Maps To The Stars - Blu-ray Review

'the tale of brattish Hollywood dynasties and the rubble of humanity they create'

The absolutely searing Maps To The Stars is a rare film, a film with enough bile to sink the good ship Hollywood and then some, as well as the chutzpah to do it. This is not the glamorous tale of California love you might be used to, rather it is the tale of brattish Hollywood dynasties and the rubble of humanity they create.

At the centre of the ensemble is Mia Wasikowska as Agatha, newly returned to the otherworldly milieu after an unspeakable incident that has left her banished from the family Weiss; John Cusack, Olivia Williams and spectacularly hateful child star Benjie (Evan Bird). Taking the job as assistant to fading beau Havana Segrand (Julianne Moore), Agatha also enlists the help of limo driver/wannabe actor Jerome (Robert Pattinson), in a move which sees director David Cronenberg again casting Pattinson in a role which keeps him in a car for a large percentage of the film.

Luckily, this time, there's a lot more success than the dire Cosmopolis, with Pattinson very much in support to the faux-wide eyed Agatha, whose level of planning the director never quite lets us in to. Instead, Cronenberg's mission is to spend a good two thirds of the film examining the various neuroses of the main characters and then showing us what happens when very rich, very stupid people fail entirely to cope with them. Where we might reach for the paracetamol, Havana has a whole cupboard of solutions, ditto Dr. Stafford (Cusack), who quite coyly presents himself as a medical professional but is frequently dressed like an assassin. 'Escalation', as Gary Oldman puts it in Chris Nolan's Batman films; as per the real life Hollywood, these characters are simply us but larger, broader and with more money.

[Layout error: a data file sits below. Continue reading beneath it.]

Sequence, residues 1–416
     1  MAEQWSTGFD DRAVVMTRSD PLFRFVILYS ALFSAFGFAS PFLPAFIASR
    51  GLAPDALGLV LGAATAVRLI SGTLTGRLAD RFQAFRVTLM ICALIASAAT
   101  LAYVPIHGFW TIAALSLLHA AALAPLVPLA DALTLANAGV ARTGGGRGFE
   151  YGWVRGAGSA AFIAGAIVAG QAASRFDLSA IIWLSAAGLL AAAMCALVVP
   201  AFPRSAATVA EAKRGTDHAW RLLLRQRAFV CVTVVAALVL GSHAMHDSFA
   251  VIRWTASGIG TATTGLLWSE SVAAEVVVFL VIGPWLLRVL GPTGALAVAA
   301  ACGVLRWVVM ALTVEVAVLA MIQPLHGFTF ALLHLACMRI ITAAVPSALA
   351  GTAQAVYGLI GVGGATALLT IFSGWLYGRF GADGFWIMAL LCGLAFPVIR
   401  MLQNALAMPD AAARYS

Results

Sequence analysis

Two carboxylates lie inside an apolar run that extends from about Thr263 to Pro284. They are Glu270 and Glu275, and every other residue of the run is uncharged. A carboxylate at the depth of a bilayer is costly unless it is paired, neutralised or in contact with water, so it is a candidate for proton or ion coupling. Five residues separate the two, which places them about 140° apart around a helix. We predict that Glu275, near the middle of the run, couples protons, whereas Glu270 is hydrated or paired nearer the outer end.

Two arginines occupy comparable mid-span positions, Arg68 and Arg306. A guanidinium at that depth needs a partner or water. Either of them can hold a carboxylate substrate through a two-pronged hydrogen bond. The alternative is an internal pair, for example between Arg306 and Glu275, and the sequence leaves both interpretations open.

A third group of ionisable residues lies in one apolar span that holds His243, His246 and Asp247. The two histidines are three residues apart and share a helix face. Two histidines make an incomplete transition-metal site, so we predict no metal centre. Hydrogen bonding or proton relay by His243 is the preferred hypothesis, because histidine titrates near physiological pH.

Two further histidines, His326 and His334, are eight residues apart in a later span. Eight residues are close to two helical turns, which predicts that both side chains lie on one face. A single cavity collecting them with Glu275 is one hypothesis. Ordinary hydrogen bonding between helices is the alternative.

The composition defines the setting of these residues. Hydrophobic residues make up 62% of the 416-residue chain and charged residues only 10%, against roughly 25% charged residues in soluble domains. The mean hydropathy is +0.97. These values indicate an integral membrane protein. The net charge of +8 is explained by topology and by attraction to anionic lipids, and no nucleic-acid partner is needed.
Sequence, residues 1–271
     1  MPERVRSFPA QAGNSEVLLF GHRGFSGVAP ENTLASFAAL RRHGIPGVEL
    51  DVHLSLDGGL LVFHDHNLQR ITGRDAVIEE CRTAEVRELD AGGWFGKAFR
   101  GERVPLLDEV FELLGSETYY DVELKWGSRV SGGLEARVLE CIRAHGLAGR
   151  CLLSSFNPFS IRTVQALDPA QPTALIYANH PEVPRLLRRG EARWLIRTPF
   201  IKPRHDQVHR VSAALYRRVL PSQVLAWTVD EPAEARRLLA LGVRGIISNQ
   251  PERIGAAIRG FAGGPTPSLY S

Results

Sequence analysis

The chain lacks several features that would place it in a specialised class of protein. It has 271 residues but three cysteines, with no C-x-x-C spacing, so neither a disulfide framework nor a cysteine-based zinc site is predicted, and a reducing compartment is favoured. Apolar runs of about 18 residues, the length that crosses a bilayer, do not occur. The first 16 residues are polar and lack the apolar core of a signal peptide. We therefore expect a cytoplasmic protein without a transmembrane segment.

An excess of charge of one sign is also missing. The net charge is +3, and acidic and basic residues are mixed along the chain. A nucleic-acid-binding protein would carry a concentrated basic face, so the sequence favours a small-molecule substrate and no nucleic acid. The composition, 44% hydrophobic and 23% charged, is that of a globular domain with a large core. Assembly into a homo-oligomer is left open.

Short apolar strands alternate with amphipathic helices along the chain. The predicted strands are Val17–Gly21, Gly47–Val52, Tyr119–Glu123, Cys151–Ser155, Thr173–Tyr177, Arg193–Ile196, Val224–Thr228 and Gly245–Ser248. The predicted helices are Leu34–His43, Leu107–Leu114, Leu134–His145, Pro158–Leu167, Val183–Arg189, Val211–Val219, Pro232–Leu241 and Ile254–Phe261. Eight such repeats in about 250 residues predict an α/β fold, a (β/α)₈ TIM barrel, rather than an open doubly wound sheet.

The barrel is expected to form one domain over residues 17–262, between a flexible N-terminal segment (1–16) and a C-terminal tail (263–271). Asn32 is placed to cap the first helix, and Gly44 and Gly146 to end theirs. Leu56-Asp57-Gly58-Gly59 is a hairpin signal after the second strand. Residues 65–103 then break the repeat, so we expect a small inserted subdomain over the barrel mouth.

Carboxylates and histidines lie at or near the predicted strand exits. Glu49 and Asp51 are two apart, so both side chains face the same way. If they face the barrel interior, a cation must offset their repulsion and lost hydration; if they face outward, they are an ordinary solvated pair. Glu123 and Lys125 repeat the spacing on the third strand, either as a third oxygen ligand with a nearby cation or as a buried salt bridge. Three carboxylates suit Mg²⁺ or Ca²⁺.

The satire and the horror of Cronenberg's film could make uncomfortable bedfellows, but actually the director makes his aims clear all along. Havana, for instance, sees visions of her younger, now deceased mother (Sarah Gadon), whose iconic role she is desperate to re-imagine in a mooted, tragedy-hit remake. Similarly, Benjie keeps on seeing the reappearance of a sick girl he has failed to give a proper level of attention to. It could not be more clear that these are characters dually inhabiting satirical and horror roles, something Cronenberg makes plain by the time the absolutely desolate black humour of the finale comes around.

By Sam Turner. Sam is editor of Film Intel, and can usually be found behind a keyboard with a cup of tea. He likes entertaining films and dislikes the other kind. He's on , Twitter and several places even he doesn't yet know about.

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